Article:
Jump to navigation Jump to search
|<<||Selected anniversaries for December||>>|
|An archive of historical anniversaries that appeared on the Main Page|
2018 day arrangement
- 1577 – Elizabeth I of England's principal secretary and spymaster Francis Walsingham was knighted.
- 1828 – Juan Lavalle (pictured), returning to Buenos Aires with troops that fought in the Cisplatine War, deposed the provincial governor Manuel Dorrego, reigniting the Argentine Civil Wars.
- 1918 – With the signing of the Act of Union, Denmark recognized the Kingdom of Iceland as a fully sovereign state in personal union with Denmark through a common monarch.
- 1948 – In "one of Australia's most profound mysteries", the body of an unidentified man was found on Somerton beach in Adelaide, a case which remains unsolved.
- 1988 – Four armed men hijacked a bus carrying thirty schoolchildren and one teacher in Ordzhonikidze, Soviet Union (now Vladikavkaz in Russia), and were later given an Ilyushin Il-76 aircraft and ransom in exchange for the release of the hostages.
- 1805 – War of the Third Coalition: French forces led by Napoleon decisively defeated a Russo-Austrian army commanded by Tsar Alexander I in the Battle of Austerlitz.
- 1899 – Philippine–American War: A 60-man Filipino rear guard was defeated in the Battle of Tirad Pass, but delayed the American advance long enough to ensure Emilio Aguinaldo's escape.
- 1927 – The Ford Motor Company introduced the second version of the Model A (pictured), its first new model in 18 years.
- 1943 – World War II: The Luftwaffe conducted a surprise air raid on Allied ships in Bari, Italy, sinking twenty-eight ships and releasing one ship's secret cargo of mustard gas.
- 1988 – Benazir Bhutto took office as the Prime Minister of Pakistan, becoming the first woman to head the government of a Muslim-majority state.
- 1800 – War of the Second Coalition: French forces defeated the Austrians and Bavarians in Hohenlinden, near Munich, forcing the Austrians to sign an armistice.
- 1910 – Freda Du Faur (pictured) became the first woman to climb Mount Cook, the highest peak in New Zealand.
- 1976 – Jamaican reggae musician Bob Marley survived an assassination attempt by unknown assailants.
- 1984 – Methyl isocyanate and other toxic chemicals were accidentally released from the Union Carbide India Limited pesticide plant in Bhopal, India, causing the world's worst industrial disaster.
- 1994 – Sony released the PlayStation, the first "computer entertainment platform" to ship 100 million units.
- 1829 – Sati, the Hindu funeral custom of widows immolating themselves, was prohibited in part of British India after years of campaigning by Ram Mohan Roy.
- 1893 – First Matabele War: A patrol of British South Africa Company soldiers was ambushed and annihilated by more than 3,000 Matabele warriors.
- 1909 – The Montreal Canadiens, the oldest professional ice hockey club in the world, were founded as a charter member of the National Hockey Association.
- 1971 – Indo-Pakistani War: The Indian Navy launched a successful attack against the Pakistan Navy at Karachi, sinking three ships with no Indian casualties.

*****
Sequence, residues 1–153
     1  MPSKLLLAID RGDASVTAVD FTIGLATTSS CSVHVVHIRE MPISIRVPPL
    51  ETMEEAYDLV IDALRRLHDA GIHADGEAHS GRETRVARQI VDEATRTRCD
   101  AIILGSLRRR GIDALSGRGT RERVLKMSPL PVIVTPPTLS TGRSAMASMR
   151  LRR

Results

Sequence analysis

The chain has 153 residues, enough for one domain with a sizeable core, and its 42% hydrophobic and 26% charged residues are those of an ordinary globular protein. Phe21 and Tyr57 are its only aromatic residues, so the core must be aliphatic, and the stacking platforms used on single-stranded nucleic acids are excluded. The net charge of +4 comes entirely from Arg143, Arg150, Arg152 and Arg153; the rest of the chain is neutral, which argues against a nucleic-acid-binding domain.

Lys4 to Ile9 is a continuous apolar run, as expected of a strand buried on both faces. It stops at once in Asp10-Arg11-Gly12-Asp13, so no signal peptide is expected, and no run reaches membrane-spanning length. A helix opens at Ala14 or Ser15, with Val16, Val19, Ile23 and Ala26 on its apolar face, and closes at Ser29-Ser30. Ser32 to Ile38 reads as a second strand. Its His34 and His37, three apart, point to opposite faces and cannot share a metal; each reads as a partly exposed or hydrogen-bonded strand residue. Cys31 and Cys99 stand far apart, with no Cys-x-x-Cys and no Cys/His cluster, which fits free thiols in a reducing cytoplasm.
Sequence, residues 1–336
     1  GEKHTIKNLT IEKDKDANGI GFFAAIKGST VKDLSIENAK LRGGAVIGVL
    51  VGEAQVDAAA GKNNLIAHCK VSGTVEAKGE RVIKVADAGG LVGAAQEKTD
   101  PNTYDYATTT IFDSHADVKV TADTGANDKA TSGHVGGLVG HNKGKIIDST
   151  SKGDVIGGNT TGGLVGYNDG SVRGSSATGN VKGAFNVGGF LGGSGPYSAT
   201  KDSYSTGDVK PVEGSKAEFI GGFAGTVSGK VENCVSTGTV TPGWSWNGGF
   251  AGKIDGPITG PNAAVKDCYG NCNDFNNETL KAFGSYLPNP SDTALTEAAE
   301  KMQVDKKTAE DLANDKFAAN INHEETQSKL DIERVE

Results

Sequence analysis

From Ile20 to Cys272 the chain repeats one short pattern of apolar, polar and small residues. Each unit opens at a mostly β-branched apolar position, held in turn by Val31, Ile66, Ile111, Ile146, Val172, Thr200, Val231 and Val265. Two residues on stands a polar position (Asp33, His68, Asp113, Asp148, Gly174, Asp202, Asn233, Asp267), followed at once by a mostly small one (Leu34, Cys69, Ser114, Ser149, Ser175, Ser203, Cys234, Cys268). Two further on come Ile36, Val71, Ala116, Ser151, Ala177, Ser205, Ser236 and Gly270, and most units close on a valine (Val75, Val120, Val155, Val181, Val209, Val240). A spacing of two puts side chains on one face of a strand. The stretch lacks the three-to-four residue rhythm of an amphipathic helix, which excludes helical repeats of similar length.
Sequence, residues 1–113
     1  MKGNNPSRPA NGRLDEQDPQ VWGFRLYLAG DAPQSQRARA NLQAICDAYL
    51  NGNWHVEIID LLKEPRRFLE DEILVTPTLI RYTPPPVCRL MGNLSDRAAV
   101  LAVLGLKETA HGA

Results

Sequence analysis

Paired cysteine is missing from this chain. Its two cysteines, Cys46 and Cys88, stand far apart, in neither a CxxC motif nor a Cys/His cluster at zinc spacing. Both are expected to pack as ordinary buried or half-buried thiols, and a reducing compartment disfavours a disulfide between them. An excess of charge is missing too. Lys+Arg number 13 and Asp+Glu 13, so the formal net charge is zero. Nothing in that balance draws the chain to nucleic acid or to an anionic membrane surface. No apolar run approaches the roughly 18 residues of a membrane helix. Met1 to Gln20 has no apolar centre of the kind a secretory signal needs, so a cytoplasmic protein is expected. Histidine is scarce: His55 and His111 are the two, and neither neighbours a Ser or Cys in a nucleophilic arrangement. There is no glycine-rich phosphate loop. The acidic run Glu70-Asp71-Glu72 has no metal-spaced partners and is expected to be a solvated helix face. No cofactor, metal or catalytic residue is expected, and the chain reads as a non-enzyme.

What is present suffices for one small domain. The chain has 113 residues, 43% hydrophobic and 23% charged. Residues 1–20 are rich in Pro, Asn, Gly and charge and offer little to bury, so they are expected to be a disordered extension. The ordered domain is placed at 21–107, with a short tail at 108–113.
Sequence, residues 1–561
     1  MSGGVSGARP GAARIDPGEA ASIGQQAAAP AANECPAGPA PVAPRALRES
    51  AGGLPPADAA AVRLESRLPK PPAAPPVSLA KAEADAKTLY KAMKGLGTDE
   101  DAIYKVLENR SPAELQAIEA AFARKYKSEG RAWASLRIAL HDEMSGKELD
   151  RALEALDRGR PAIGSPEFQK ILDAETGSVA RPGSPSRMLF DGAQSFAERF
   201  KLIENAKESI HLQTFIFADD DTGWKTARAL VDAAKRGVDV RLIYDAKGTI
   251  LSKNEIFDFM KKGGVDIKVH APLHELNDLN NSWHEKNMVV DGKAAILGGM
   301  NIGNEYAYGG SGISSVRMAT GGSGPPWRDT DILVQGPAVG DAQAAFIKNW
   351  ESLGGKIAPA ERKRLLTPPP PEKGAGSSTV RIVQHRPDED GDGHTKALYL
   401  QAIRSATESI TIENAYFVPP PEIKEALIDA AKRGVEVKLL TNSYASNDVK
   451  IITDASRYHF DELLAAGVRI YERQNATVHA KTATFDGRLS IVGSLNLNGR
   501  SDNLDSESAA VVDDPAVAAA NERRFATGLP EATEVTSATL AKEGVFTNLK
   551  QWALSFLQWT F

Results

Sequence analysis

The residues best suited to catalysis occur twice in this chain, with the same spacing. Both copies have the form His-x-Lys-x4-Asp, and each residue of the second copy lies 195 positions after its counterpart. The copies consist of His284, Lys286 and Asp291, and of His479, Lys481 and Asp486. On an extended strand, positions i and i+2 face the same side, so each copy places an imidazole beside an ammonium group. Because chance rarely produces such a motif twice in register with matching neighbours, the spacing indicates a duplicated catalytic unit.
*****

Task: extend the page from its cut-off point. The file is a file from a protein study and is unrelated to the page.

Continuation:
- 1978 – Following the murder of Mayor George Moscone, Dianne Feinstein (pictured) became San Francisco's first female mayor.
- 1484 – Pope Innocent VIII issued the papal bull Summis desiderantes affectibus, giving Dominican Inquisitor Heinrich Kramer explicit authority to prosecute witchcraft in Germany.
- 1775 – American Revolutionary War: Continental Army Colonel Henry Knox arrived at Fort Ticonderoga in New York to arrange the transport of 60 tons of artillery (pictured) that would be used to strengthen the Siege of Boston.
- 1916 – Amid the First World War and following his loss of support in Parliament, British Prime Minister H. H. Asquith resigned.
- 1958 – Britain's first motorway, the Preston By-pass, opened to the public.
- 1995 – Azerbaijan Airlines Flight 56 crashed shortly after takeoff from Nakhchivan Airport, killing 52 people on board.
- 1865 – Slavery in the United States was officially abolished when the Thirteenth Amendment to the U.S. Constitution was ratified.
- 1912 – The Nefertiti Bust (pictured), labeled a "Top 10 Plundered Artifact" by Time magazine, was found in Amarna, Egypt, before being taken to Germany.
- 1956 – In a contest that became known as the "Blood in the Water" match at the Melbourne Olympics, the Hungarian water polo team defeated the USSR, 4–0, against the background of the Hungarian Revolution.
- 1988 – The Australian Capital Territory was granted self-government.
- 2015 – In Venezuela's parliamentary election, the ruling United Socialist Party lost control of the National Assembly for the first time since 1999.
- 43 BC – Cicero, widely considered one of Rome's greatest orators and prose stylists, was killed after having been proscribed as an enemy of the state.
- 1904 – Comparative trials began between HMS Spiteful (pictured), the first warship powered solely by fuel oil, and a similar Royal Navy ship burning coal.
- 1936 – Australian cricketer Jack Fingleton became the first player to score centuries in four consecutive Test innings.
- 1988 – A 6.8 Ms earthquake struck the Spitak region of Armenia, killing at least 25,000 people.
- 1993 – A passenger murdered six people and injured nineteen others on the Long Island Rail Road in Garden City, New York.
- 1660 – Margaret Hughes (pictured), appeared professionally on the English stage, and is thought to have been the first woman to do so.
- 1880 – At an assembly of 10,000 Boers, Paul Kruger announced the fulfilment of the decision to restore the South African Republic government and Volksraad.
- 1963 – After being struck by lightning while in a holding pattern, Pan Am Flight 214 crashed near Elkton, Maryland, U.S., killing all 81 people on board.
- 1998 – The Australian Cricket Board's cover-up of Shane Warne and Mark Waugh's involvement with bookmakers was revealed.